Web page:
Drivers unaware of new tax rules
A new survey has found that just six per cent of respondents said they were fully aware of the road tax changes that come into effect on 1 April.
Carried out by Carbuyer, the survey of more than 4,000 people also found that eight per cent knew changes were coming but didn’t know what they were, while a massive 86% were totally in the dark about them.
Under the current scheme, scores of different cars are exempt from road tax, or Vehicle Excise Duty (VED), because they emit less than 100 grams per kilometre (g/km) of carbon dioxide (CO2).
For cars registered after April, though, only those that produce no CO2 – fully electric and hydrogen cars – will be spared road tax. All other models registered from then will be liable for an annual road-tax bill of £140, regardless of CO2 emissions. While the first year of road tax will still be based on CO2 emissions and range from £10 to £2,000, this fee is almost always absorbed in a car’s on-the-road price – meaning it isn’t usually seen as a running cost by consumers.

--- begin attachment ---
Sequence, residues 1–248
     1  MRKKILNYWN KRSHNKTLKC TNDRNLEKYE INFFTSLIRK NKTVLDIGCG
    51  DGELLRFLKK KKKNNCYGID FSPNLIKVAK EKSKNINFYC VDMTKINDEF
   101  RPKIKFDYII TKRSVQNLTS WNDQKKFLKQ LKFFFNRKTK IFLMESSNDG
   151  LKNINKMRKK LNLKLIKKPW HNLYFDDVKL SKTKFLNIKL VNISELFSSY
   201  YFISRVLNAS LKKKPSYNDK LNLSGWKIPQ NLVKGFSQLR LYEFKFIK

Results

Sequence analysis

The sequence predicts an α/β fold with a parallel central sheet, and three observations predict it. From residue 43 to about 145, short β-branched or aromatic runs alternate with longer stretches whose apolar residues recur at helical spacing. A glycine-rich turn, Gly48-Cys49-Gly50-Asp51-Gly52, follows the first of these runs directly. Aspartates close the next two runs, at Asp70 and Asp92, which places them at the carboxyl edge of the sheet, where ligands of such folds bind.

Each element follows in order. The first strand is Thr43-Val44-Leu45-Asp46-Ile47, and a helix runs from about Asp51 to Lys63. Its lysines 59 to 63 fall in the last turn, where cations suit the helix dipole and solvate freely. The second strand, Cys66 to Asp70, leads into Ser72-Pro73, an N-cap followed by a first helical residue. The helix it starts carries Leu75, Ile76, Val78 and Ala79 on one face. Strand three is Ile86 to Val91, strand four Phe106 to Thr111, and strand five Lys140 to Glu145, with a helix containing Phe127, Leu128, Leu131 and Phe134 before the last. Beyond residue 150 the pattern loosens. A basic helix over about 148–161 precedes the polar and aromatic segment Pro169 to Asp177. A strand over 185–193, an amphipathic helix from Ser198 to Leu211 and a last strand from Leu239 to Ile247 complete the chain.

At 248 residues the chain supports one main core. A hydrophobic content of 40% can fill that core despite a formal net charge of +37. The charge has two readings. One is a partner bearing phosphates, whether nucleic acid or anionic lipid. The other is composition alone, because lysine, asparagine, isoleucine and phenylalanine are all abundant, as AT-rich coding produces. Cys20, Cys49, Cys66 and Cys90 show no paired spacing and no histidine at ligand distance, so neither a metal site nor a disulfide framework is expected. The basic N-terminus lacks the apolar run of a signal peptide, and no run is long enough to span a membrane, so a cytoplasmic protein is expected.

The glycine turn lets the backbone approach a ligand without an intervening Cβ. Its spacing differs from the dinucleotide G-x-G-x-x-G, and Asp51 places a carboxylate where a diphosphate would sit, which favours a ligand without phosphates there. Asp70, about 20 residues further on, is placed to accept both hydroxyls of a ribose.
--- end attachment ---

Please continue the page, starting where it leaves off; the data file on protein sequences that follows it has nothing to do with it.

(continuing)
However, cars with a list price of more than £40,000 will also incur an additional £310 levy for the first five years of ownership, bringing their total annual VED bill to £450 during that time.
Carbuyer editor Stuart Milne said, ‘While the changes should provide more reasons for cost-conscious buyers to choose a fully electric vehicle, they remove much of the incentive for buyers to choose low-emission models with a petrol or diesel engine. Remarkably, a 1.0-litre Vauxhall Corsa will attract the same tax bill as a 5.0-litre Ford Mustang once the first year of tax has been paid.
‘Buyers should also be aware that the list price includes the cost of any options. Choose too many extras and you could unwittingly push your car’s price above £40,000 – that’ll cost you an additional £1,550 over five years.’
Read our previous story about these road tax changes here.